In 1926 the Manley group of banks centering in Georgia collapsed. In one week, 90 institutions closed their doors. There have been more serious troubles in U. S. banking, far more significant troubles , but never more failures in one week in recent banking history.
Last week the Manley failures no longer constituted a record. More violent, more sensational grew the storm which began sweeping over Southern banking with the failure of Caldwell & Co., Nashville investment bankers ("We Bank on the South").
During the fortnight, 143 banks failed to open; $178,000,000 in deposits were tied up. Of these troubles, 129 could be attributed to the Caldwell failure and the fear it brewed. Of the others, two were in Iowa, two in Minnesota, one in Georgia.
No bank failureas all know who have lived in a community where such a catastrophe has occurredcan be called harmless. Yet the South's troubles did not cause great alarm to U. S. banking at large. Rather, bankers in other States said the Southern trouble has been long in coming, is now ended.
When the first announcement of Caldwell & Co.'s troubles was made, Eugene Robert Black, Governor of the Atlanta Federal Reserve Bank (whose territory runs from Tennessee through Florida and from the Atlantic into Southern Louisiana), made an assuring statement (TIME. Oct. 27). Last week he again surveyed the Southern situation, made no grimace at the wreckage. Long associated with banking and industry in the South is Governor Black, whose reputed facial resemblance to Andy Gump of the funny papers amuses rather than bothers him. Heard with respect was his announcement last week:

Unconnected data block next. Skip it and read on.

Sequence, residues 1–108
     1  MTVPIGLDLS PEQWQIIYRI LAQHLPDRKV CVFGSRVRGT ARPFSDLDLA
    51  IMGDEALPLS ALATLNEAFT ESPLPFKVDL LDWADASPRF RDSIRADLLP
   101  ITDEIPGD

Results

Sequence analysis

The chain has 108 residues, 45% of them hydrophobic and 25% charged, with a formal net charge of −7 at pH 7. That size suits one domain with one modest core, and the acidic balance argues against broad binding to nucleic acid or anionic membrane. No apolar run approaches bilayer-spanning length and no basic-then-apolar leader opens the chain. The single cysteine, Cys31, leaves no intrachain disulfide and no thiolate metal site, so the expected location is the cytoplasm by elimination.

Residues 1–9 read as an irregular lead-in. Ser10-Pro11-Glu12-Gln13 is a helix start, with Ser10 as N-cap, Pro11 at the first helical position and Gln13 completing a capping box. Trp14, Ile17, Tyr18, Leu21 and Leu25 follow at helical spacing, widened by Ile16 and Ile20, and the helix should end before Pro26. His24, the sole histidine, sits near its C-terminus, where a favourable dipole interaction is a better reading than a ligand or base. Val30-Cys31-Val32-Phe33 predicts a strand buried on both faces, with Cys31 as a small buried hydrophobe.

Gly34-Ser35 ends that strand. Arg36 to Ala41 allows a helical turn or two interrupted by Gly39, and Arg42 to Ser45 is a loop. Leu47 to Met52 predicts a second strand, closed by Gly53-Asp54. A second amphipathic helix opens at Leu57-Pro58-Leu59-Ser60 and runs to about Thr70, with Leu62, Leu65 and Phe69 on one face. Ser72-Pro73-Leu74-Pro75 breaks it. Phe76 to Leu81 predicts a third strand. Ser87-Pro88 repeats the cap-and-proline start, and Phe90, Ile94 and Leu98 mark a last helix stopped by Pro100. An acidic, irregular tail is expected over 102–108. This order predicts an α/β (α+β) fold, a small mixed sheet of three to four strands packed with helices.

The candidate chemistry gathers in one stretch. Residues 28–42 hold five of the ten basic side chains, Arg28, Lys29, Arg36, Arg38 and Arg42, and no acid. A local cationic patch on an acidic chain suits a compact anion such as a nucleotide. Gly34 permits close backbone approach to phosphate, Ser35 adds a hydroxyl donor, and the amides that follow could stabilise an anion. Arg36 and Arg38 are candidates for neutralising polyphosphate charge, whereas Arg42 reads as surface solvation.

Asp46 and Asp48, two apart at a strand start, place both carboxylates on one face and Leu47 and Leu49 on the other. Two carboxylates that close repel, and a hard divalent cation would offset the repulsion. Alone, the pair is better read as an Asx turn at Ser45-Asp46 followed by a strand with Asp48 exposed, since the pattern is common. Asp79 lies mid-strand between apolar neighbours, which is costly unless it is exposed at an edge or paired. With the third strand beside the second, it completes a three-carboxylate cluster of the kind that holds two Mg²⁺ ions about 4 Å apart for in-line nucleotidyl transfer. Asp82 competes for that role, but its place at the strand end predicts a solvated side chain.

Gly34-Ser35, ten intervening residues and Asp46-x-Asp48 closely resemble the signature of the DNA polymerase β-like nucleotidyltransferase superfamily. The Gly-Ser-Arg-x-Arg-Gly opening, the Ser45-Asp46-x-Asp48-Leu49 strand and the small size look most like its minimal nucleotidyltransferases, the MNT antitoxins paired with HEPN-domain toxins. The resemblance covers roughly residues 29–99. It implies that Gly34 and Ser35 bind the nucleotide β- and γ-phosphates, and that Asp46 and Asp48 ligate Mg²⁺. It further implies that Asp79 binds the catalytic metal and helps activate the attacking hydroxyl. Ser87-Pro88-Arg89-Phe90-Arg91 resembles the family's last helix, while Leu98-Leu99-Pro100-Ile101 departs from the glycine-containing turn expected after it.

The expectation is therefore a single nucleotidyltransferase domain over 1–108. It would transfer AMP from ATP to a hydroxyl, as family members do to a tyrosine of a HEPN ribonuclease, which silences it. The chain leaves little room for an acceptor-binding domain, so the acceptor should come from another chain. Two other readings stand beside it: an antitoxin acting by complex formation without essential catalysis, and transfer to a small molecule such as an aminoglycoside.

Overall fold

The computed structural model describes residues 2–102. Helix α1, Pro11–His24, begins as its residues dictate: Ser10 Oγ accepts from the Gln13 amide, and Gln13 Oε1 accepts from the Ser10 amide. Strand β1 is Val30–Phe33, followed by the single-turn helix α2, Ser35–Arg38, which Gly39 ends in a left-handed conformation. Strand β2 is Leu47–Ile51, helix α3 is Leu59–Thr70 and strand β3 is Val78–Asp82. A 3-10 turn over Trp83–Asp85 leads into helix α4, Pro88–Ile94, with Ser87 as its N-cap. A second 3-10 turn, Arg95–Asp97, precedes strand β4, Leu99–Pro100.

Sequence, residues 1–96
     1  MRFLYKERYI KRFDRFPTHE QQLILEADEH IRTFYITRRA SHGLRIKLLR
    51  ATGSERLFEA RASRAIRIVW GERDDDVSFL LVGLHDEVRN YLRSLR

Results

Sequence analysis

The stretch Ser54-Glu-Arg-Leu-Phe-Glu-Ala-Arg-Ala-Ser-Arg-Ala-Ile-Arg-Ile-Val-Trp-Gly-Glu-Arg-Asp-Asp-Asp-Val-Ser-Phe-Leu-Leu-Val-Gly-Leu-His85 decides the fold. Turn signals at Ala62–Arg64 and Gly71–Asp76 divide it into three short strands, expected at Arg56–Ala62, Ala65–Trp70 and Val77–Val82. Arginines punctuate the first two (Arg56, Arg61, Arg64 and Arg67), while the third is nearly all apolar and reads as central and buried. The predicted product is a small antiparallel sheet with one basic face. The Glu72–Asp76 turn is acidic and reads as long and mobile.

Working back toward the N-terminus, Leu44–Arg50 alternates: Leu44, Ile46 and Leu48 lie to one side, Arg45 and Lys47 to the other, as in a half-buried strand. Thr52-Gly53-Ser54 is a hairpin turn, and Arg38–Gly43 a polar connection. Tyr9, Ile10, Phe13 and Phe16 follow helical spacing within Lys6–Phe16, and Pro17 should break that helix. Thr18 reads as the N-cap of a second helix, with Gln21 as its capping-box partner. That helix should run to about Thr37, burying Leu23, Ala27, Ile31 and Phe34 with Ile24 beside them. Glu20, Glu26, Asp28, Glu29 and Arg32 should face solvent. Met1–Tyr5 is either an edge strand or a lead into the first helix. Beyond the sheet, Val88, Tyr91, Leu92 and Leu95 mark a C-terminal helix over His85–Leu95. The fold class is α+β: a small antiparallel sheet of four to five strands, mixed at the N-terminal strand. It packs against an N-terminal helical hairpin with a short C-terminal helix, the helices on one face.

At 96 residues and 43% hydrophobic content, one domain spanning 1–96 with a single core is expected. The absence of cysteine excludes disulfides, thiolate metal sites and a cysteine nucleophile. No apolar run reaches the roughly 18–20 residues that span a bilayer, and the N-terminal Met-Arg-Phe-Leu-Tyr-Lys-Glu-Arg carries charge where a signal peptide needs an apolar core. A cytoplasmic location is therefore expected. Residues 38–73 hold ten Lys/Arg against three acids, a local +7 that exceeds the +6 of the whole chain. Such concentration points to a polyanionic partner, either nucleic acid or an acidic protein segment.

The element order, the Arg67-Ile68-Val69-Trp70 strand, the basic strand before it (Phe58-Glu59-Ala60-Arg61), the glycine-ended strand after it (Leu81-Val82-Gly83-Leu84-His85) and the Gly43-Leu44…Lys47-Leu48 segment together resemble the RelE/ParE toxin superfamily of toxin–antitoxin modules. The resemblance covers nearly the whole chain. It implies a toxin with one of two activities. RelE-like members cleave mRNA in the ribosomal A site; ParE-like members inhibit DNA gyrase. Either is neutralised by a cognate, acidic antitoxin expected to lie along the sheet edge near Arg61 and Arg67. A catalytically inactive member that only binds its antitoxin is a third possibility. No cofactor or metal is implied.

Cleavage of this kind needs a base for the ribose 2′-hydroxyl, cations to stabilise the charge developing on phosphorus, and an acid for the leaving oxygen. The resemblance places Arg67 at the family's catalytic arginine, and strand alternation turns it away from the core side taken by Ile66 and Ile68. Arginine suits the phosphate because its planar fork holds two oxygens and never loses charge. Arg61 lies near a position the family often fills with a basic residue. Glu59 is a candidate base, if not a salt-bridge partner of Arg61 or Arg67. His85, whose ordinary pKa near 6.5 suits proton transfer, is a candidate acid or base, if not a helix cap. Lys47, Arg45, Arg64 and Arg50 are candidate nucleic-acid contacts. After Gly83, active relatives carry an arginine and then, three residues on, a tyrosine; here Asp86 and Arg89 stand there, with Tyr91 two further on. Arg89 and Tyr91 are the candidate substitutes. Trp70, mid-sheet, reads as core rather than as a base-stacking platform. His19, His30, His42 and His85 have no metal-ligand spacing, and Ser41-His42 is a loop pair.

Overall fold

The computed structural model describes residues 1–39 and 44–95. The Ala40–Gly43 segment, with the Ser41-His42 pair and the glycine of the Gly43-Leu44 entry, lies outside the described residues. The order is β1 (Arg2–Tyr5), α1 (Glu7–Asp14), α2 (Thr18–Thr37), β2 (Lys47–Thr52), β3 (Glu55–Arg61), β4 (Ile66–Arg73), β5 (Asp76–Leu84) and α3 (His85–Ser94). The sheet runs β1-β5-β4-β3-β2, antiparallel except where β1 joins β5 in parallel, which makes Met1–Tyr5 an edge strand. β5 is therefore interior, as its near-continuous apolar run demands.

"At this time, by reason of the closing of a number of Southern banks it may be well to consider our fundamental situation.
"We have just harvested our various crops. All these crops were large and yielded large cash returns. . . . The millions received from these crops are distributed in all the Southern States from Texas to Virginia.
"Our industries are on a sound basis and their products yield cash returns twice as large as our agricultural products. Our problem of unemployment is probably less acute than in any other section. . . .
"With resources of approximately $10,000,000,000 in Southern banks* there should be confidence that fundamentally our banking situation is sound, and with our agriculture, our industry, and our banking resources there should be no uneasiness as to our general situation."
Failure Figures. Survey of the actual events of the unhappy fortnight indeed indicated that the storm was more sensational than devastating. In hard-hit Arkansas, 64 banks either failed or invoked the State law allowing a five-day suspension. Deposits thus tied up were $35,804,000. But in all Arkansas, as of Dec. 31 last, there were 437 banks with deposits of over $208,500,000.
In Kentucky, where there were 579 banks with deposits of $447,900,000, only 15 banks with deposits of $59,122,000 failed.
Equally small proportions of disaster would be found in North Carolina where, supposedly because of real estate deflation, 16 banks with $26,103,000 in deposits failed and in Indiana where eight banks with $4,743,000 failed as an aftermath of the Louisville tempest.*